Bubonic Plague Case Confirmed in Oregon

Sick woman with headache sitting under the blanket

(USNewsMag.com) – Oregon has its first case of human bubonic plague since 2015, according to a statement from health officials.

The Deschutes County resident was most likely infected with the bubonic plague through contact with their symptomatic pet cat, according to a February 7th statement. Deschutes County health officer Dr. Richard Fawcett said anyone who had close contact with the resident or the cat was contacted and had received “medication to prevent illness.” The condition of the person and their pet is unknown.

Since the case was identified and treated quickly, there is little risk to the community, according to health officials, and no additional cases have been discovered.

Humans can become infected with the bubonic plague through bites or contact with infected fleas or animals. The most common animals known to carry bubonic plague in Central Oregon are squirrels and chipmunks, and people should not feed them. However, other rodents may be carriers of the disease.

Symptoms of the bubonic plague, such as fever, chills, nausea, muscle aches, weakness, and visibly swollen lymph nodes, begin within two to eight days of being exposed to the disease. If not treated early, the bubonic plague can worsen to become a bloodstream infection or a lung infection, both of which are more severe and difficult to treat.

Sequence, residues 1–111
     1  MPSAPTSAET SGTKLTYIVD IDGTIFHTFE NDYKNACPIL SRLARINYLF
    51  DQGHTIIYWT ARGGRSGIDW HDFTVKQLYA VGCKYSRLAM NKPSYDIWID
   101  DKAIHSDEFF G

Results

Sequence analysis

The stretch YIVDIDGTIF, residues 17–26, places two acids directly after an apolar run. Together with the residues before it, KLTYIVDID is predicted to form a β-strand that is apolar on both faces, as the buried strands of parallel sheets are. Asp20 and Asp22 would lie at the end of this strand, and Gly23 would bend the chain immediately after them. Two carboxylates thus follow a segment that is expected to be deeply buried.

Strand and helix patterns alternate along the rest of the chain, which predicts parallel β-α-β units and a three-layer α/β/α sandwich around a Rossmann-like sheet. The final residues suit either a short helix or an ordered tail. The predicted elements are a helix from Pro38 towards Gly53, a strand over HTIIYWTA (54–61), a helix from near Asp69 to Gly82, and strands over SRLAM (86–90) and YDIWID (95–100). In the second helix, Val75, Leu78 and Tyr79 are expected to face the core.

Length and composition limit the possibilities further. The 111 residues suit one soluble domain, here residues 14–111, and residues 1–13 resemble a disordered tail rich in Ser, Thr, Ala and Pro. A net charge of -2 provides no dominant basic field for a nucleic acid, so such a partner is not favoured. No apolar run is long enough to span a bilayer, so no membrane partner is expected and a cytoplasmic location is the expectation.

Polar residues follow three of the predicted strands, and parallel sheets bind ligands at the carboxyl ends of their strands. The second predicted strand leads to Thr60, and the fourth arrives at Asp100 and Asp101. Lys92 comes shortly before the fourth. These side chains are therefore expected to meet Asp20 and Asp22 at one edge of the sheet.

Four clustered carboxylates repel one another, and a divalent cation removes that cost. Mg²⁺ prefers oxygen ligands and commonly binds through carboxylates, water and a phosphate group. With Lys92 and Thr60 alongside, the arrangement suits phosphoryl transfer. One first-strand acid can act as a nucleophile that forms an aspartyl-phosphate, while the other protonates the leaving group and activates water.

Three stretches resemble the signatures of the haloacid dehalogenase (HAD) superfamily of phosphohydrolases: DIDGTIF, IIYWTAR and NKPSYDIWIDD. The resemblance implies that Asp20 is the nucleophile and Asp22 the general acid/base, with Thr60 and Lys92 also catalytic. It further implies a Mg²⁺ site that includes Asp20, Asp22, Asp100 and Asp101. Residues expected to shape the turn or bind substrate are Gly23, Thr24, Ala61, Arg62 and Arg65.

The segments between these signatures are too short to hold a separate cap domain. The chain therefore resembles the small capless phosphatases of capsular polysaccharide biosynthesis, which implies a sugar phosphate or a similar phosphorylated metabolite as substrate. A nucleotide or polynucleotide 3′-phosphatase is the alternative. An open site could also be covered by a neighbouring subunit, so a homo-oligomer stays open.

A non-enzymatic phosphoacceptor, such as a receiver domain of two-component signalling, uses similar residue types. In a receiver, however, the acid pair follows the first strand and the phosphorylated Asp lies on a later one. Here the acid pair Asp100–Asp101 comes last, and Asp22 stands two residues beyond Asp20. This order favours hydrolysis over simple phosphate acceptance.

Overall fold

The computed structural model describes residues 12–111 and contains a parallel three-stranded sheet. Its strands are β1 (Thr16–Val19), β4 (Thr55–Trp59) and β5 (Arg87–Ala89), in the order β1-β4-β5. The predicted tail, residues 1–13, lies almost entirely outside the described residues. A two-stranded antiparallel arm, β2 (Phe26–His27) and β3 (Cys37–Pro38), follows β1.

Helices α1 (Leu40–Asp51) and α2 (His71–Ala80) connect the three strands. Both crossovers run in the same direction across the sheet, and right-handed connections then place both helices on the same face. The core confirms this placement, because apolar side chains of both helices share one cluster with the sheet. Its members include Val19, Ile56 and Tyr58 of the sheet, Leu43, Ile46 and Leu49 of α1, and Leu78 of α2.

To help prevent the bubonic plague from spreading, people and their pets should avoid coming into contact with rodents and fleas. People should use flea prevention products on their pets and keep them on a leash. If possible, cats should not be hunting rodents and should be taken to a vet if a cat gets sick after contact with a rodent. People and pets should not sleep near animal burrows or dead rodents.

The last time a person in Oregon contracted bubonic plague was in 2015 when a girl on a hunting trip contracted the disease from being bitten by a flea. Since 1995, only nine human cases of the bubonic plague have been reported in Oregon, with no deaths reported.

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